"I took it as a shock because that was my first exposure to him and the team," Curry said of Ellis' initial comments. "But then I realized he didn't know me well, and I earned his trust with my play."
Smart noticed Ellis and Curry had become closer when they were on the phone together during the NBA draft. They also began to complement each other better on the court.
"Steph kept trying to be friends, and then Monta finally relented," Smart said. "Monta said, 'You know we're both pretty talented, and he's pretty good. We can make it work.' "
While Ellis eventually bonded with Curry, his relationship with Nelson never really improved. Current and former teammates think the decision of the Warriors' new owners to replace Nelson with Smart prior to this season has had a big impact on Ellis. Former Warriors forward Al Harrington(notes) predicted last month that Ellis would lead the NBA in scoring this season with Smart as his coach. So far, Ellis has averaged 26.5 points, second only to the 28.2 last season's scoring champ, Kevin Durant(notes), is averaging.
Ellis wouldn't get into specifics about the differences between Nelson and Smart except to say, "Smart calls plays for me." The signing of All-Star forward David Lee(notes), who has given the Warriors another strong rebounder next to center Andris Biedrins(notes), also has helped.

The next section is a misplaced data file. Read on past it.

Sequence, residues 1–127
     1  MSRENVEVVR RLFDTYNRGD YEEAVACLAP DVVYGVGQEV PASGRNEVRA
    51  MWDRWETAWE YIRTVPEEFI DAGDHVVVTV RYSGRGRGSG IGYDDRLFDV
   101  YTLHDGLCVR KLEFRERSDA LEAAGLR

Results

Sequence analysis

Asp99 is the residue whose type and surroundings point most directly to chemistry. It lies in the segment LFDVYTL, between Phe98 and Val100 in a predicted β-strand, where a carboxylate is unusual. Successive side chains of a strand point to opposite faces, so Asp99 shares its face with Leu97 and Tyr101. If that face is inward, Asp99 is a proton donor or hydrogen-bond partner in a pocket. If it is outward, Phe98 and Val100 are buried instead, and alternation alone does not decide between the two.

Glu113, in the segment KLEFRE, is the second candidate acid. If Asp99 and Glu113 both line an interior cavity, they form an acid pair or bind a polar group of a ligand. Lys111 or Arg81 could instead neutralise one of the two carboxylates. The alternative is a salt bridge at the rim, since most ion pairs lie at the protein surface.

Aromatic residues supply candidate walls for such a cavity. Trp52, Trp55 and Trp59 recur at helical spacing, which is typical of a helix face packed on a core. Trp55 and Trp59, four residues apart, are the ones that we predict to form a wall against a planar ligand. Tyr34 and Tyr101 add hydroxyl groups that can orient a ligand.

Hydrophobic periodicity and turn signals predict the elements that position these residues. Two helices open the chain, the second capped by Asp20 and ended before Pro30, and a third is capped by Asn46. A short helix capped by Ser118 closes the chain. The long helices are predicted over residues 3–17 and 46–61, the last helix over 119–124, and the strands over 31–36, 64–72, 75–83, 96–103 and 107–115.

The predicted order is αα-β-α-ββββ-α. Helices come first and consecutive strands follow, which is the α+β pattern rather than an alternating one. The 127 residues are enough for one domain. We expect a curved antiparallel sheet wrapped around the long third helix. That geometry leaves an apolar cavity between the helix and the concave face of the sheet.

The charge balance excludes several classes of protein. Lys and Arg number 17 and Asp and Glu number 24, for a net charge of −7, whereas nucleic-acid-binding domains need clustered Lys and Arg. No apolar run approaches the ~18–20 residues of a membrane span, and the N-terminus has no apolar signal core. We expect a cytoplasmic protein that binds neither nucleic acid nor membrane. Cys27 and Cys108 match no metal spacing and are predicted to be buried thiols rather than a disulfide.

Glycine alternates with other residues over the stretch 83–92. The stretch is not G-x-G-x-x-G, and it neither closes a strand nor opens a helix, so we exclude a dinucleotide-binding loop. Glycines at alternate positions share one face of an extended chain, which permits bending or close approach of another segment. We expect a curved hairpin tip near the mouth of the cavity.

"I'm not going to sit here and try to bash and say anything bad about [Nelson]," Ellis said. "He was a great coach. If it weren't for playing in his system, I wouldn't be the player that I am and had the [improvements] I had.
"There were some doubts in my mind that he had a leash on me because he didn't let me do certain things that no one knew about. I'm just going to put all that behind me and do what I can for coach Smart."
The Warriors considered trading Ellis last season before rejecting a deal that would have sent him to the Memphis Grizzlies for guard O.J. Mayo(notes) and center Hasheem Thabeet(notes) prior to the February trade deadline. Speculation persisted through much of the summer that the Warriors would move Ellis, but league sources now say team officials couldn't be happier with his game – and leadership. It would a phenomenal offer for the Warriors to even consider dealing Ellis now, the sources said.